Scattershooting: Hawks, Bruins all even in SJHL final . . . Gotta love D.J. Kennington’s car . . . Broncos and Warriors to decide it tonight

Scattershooting


The SJHL’s championship final is all even after the host Nipawin Hawks posted a 4-1 victory over the Estevan Bruins before 1,122 fans on Sunday night. . . . The Bruins had SJHLwon the opener, 5-2, in Nipawin on Saturday night. . . . Last night, F Adam Beckman led the Hawks with two goals, his first two of the playoffs. Beckman, a fifth-round selection by the Spokane Chiefs in the WHL’s 2016 bantam draft, played this season for the midget AAA Battlefords Stars. . . . Beckman has played three playoff games with the Hawks. He had one goal and one assist in the only regular-season game he played with Nipawin. . . . The Hawks also got two goals from F Logan Casavant, who has six in the playoffs. . . . F Arthur Miller had Estevan’s lone goal, his seventh. . . . The teams combined to take 24 minors. . . . Nipawin got 23 saves from G Declan Hobbs, while Estevan’s Bo Didur stopped 34 shots. . . . They’ll play the next two games in Estevan on Tuesday and Wednesday nights, with a fifth game back in Nipawin on Friday night.


The Estevan Bruins climbed on their bus Friday and headed for Nipawin, where they were scheduled to start the SJHL’s championship final against the Hawks on Saturday night. En route, the Hawks made a stop — they spent 30 minutes at the site where the Humboldt Broncos’ bus crashed into a big rig on the afternoon of April 6. . . . Chris Lewgood, the Bruins’ general manager and head coach, told Rob Vanstone of the Regina Leader-Post that stop was “the first step for a lot of the guys toward closure.” . . . The Bruins went on to win Game 1, 5-2. . . . Vanstone has more on the Bruins right here.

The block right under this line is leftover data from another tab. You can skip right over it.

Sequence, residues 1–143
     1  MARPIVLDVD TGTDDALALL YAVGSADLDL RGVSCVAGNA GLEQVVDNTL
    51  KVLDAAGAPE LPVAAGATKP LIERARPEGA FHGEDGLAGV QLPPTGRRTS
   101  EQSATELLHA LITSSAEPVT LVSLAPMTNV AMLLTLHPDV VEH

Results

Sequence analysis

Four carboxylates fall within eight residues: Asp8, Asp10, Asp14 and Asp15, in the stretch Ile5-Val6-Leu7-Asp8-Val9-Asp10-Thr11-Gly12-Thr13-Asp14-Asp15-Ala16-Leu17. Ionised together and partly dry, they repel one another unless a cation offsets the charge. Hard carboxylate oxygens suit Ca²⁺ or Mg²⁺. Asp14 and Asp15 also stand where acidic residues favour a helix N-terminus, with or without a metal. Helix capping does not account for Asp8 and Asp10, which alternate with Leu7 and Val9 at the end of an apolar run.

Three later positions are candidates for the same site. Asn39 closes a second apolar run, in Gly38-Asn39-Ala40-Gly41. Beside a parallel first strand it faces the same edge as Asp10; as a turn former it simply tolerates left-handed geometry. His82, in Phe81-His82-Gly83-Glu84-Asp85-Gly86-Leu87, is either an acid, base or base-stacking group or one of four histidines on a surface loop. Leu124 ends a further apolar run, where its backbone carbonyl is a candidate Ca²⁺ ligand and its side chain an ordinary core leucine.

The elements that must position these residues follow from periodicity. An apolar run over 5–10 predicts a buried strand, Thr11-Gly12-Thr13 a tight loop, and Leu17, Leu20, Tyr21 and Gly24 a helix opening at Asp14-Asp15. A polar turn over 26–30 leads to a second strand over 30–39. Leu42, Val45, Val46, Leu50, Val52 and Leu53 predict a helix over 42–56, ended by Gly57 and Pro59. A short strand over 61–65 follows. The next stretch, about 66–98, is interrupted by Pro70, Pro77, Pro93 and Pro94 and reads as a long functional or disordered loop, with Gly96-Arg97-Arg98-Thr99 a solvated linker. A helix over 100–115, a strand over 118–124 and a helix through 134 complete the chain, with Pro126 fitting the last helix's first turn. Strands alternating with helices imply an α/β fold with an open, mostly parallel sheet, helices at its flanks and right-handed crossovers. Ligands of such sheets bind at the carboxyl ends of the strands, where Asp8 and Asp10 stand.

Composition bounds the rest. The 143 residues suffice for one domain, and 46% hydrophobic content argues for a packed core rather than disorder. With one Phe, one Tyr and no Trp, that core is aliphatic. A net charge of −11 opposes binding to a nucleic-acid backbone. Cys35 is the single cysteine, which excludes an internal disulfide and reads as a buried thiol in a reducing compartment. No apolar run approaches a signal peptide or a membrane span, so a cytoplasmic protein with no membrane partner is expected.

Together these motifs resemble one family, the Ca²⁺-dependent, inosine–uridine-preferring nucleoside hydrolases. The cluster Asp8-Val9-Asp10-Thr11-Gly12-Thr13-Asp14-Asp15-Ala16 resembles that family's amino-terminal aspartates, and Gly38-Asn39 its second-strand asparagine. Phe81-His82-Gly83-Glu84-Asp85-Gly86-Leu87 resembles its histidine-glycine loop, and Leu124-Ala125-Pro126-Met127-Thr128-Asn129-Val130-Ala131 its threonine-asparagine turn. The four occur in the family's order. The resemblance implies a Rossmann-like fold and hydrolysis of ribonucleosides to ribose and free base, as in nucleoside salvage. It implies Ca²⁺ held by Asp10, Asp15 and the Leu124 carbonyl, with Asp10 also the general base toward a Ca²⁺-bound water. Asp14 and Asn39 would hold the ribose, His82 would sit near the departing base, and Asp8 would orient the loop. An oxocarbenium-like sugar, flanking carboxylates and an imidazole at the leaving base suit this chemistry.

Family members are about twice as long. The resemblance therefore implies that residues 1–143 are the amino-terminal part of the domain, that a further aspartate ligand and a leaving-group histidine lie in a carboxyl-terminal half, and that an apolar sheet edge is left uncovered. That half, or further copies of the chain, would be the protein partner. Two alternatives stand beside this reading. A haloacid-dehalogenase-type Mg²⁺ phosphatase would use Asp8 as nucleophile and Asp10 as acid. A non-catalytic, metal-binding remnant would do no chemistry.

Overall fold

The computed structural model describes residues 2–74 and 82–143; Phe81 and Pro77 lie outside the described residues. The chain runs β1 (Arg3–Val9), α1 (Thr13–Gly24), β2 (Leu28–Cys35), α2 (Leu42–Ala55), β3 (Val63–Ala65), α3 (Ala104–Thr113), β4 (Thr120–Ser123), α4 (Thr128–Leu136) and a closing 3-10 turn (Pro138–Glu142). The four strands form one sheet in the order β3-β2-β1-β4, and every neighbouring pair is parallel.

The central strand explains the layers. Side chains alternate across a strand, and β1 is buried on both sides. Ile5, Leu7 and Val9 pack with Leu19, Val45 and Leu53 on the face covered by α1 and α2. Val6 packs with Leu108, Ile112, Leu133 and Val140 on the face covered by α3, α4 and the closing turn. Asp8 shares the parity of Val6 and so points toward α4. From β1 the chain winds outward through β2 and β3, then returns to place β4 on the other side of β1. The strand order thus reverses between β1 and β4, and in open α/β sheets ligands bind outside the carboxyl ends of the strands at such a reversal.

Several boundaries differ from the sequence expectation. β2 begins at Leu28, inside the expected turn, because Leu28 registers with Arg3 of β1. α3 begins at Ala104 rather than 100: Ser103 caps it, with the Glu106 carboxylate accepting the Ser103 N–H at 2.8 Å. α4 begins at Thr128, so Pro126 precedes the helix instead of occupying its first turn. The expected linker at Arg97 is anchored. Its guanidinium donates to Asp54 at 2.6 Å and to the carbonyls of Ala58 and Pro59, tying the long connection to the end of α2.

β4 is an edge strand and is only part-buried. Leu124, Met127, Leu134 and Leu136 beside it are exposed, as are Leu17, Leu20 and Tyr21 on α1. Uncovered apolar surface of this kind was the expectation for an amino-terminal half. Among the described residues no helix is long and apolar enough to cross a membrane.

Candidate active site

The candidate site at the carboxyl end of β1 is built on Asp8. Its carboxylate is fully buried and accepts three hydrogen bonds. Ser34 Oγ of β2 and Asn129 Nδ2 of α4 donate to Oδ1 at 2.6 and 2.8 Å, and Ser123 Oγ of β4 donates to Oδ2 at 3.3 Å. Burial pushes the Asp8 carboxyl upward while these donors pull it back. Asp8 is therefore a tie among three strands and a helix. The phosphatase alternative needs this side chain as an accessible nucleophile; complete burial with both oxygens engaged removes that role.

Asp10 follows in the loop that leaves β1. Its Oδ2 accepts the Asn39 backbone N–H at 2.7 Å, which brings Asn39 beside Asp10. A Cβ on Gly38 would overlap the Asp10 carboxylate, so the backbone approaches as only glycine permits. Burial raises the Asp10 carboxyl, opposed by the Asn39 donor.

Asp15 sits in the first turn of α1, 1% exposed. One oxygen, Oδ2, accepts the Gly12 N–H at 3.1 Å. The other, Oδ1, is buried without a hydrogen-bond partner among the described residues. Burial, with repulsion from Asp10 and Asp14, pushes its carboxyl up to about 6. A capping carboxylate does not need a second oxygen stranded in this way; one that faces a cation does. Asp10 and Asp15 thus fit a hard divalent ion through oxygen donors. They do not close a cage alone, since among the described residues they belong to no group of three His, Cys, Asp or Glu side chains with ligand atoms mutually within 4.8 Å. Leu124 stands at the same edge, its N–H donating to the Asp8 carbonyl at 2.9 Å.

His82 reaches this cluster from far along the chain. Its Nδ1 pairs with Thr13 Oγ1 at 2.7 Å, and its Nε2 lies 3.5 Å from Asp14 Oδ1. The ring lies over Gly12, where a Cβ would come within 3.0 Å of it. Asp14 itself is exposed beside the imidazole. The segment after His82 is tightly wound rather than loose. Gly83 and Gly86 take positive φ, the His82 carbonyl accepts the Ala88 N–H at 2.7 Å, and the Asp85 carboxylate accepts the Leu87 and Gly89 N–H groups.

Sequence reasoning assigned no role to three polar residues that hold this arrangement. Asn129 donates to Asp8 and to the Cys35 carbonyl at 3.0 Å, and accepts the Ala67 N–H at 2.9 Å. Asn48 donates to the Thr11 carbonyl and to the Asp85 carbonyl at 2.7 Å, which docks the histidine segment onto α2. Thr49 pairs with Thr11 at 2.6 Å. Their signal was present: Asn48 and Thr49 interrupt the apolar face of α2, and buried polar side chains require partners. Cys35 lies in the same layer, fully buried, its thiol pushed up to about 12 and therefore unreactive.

More from Vanstone:

“The Humboldt Broncos went into overtime and, as a result, so did two thoughtful employees at the Domo C-Store (in Nipawin).

“Just as March 30 was becoming March 31, a weary band of Broncos walked into a convenience store near the southern outskirts of Nipawin.

“Earlier that evening, the host Hawks had outlasted Humboldt 3-2 to open a best-of-seven SJHL semi-final. Michael Grant had scored the winner for Nipawin at 2:33 of the second overtime session.

Due to the marathon contest, the Broncos did not arrive at the Domo C-Store until just before midnight — closing time, in other words.

Four Humboldt players barely beat the buzzer, arriving at 11:59 p.m. With the team bus parked outside, the rest of the Broncos trickled in.”

The rest of the story, which is right here, is well worth your time.



If they put this beauty — it’s D.J. Kennington’s Castrol Edge Dodge — on toy shelves as a die-cast car, I really wonder how many thousands would be sold . . .